Four Questions You Should Ask Before Donating Your Car

Beyond the feel-good factor, here are some recommendations before donating your vehicle to charity.

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Donating a vehicle to charity is an easy way to get rid of an unwanted car, help a cause, and get a nice deduction at tax time. However, the process and benefits of donating your old beater aren’t as transparent or straightforward as sometimes advertised.

When I started out as an auto auctioneer in the 1990s, an auction I worked at received dozens of vehicles donated to local charities every week. These donations weren't always out of generosity or kindness. An owner who contributed a car, SUV, or truck could claim a tax deduction based on "fair market value,” regardless of what their vehicle brought in when sold at an auction. The difference was often vast and enormously unfair to the charities. In one case, a truck that gave the donor a $2,400 tax deduction earned the charity a paltry $31.50.

Congress changed the rules in 2004, limiting the tax deduction you could take for a donated vehicle worth more than $500. These days “fair market value” is exclusively based on the price the vehicle sells for at auction, with one exception. If it sells for less than $500, the deduction is automatically rounded up to that $500 figure.

According to U.S. Internal Revenue Service data, if you're in the 22% federal income tax bracket, a car that only sells for $300 will net you $110 today (22% of $500), while the charity will likely get over $150 if they use a large auction company that partners with a non-profit which handles the transport and paperwork issues for you.

If you are still interested in donating your vehicle to charity based on the above, here are four questions you should ask beforehand you make a decision.

1. Are You Willing to Sell It Yourself?

Auctions that resell donated vehicles are mostly “wholesale” or “dealer only.” Donated cars are then auctioned to someone else who will either fix and resell them or sell the thousands of parts that make up your vehicle.

In most cases, you’ll make more money selling your car than you will save by taking a tax deduction after donating the car. If you’re motivated to turn your vehicle into a good deed, you could then donate those funds directly to charity. By doing this, you’ll also earn a bigger tax deduction and your chosen charity will pocket more money.

Before you commit to this plan, know that selling a very cheap used car can sometimes be more work or hassle than anticipated. If you advertise and sell it, you may have to deal with lowballers who want to offer you a ridiculously low price for your vehicle. Or you may end up selling it to some jerk who decides not to re-title the car in their name. If the vehicle you are selling is abandoned or used for a crime, you may be contacted by a tow company or even law enforcement if the title is still in your name. I’ve personally had both of those experiences with cars sold for less than $2,000. If you don't want even a remote chance of these headaches in your life, donating your vehicle is a much safer way of getting rid of the vehicle.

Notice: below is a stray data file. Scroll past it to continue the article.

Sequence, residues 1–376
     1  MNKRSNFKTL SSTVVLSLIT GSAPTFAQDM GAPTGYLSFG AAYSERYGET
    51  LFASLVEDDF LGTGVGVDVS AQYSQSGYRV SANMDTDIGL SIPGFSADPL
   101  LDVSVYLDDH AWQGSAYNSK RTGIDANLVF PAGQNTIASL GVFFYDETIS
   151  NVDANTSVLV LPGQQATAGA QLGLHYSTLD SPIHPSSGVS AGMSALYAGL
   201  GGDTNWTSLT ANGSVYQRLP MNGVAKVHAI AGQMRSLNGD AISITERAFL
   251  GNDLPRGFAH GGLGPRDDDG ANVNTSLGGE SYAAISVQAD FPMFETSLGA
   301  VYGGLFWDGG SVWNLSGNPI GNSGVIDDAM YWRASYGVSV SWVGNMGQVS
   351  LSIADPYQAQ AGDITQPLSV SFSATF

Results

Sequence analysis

2. Do You Have the Title?

We all die, and the paperwork involved can be a real hassle for those left to deal with the estate. At the charity auctions I attend, there are almost always excellent vehicles sold either for “parts only” or “bill of sale only” because the new owners can’t get a title. If you're in a situation where you cannot title a vehicle in your name, the decision may be made for you: The only two options you likely have are either selling the vehicle for parts or donating it.

3. Do You Itemize Your Taxes?

Nearly 90% of taxpayers do not itemize their deductions, according to the IRS. Unless you own a business and that business is donating the vehicle, you're likely not going to get any tax savings at all.

High-income earners who don't have children or other dependents may benefit, but the hurdle is still pretty high. The standard deduction for 2021 is $12,550 for single taxpayers, $18,800 for heads of households, and $25,100 for those filing jointly. If your itemized deductions are less than those numbers, you won't get any financial benefit from donating a car.

However, there is a far bigger question that deserves your time.

4. Are You Motivated to Give to Charity?

Beyond the numbers, there is a greater sense of purpose when you donate a vehicle to a cause you feel strongly about. When my son was diagnosed with Crohn's disease, I bought a 1994 Ford Explorer for $100, fixed it up, and sold it for $2,000. Replicating that process several more times (with a 1999 Ford Ranger, 2000 Ford F-150, 1999 Mercury Cougar, 2006 and 2007 Chrysler PT Cruisers, and 1999 Dodge Intrepid) earned enough to make a $4,500 donation to the Crohn's and Colitis Foundation along with $500 towards a local food bank. I didn't take a tax deduction. But I did do what mattered to me. When you have a personal connection to a charity, donating a vehicle can pay dividends beyond just a tax break.

If you’re trying to maximize the money in your pocket, donating a car probably isn’t your best option. But if you're looking for a low-hassle way to get rid of a car you no longer need, or want to help a charity that’s close to your heart, donating the vehicle may be right for you.

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Steven Lang
Steven Lang is a special contributor to Capital One with nearly two decades of experience as an auto auctioneer, car dealer, and part owner of an auto auction. Some of the best-known auto publications turn to him for his expert insight. He is also the co-developer of the Long-Term Quality Index, a survey of vehicle reliability featuring over two million vehicles that have been inspected by professional mechanics.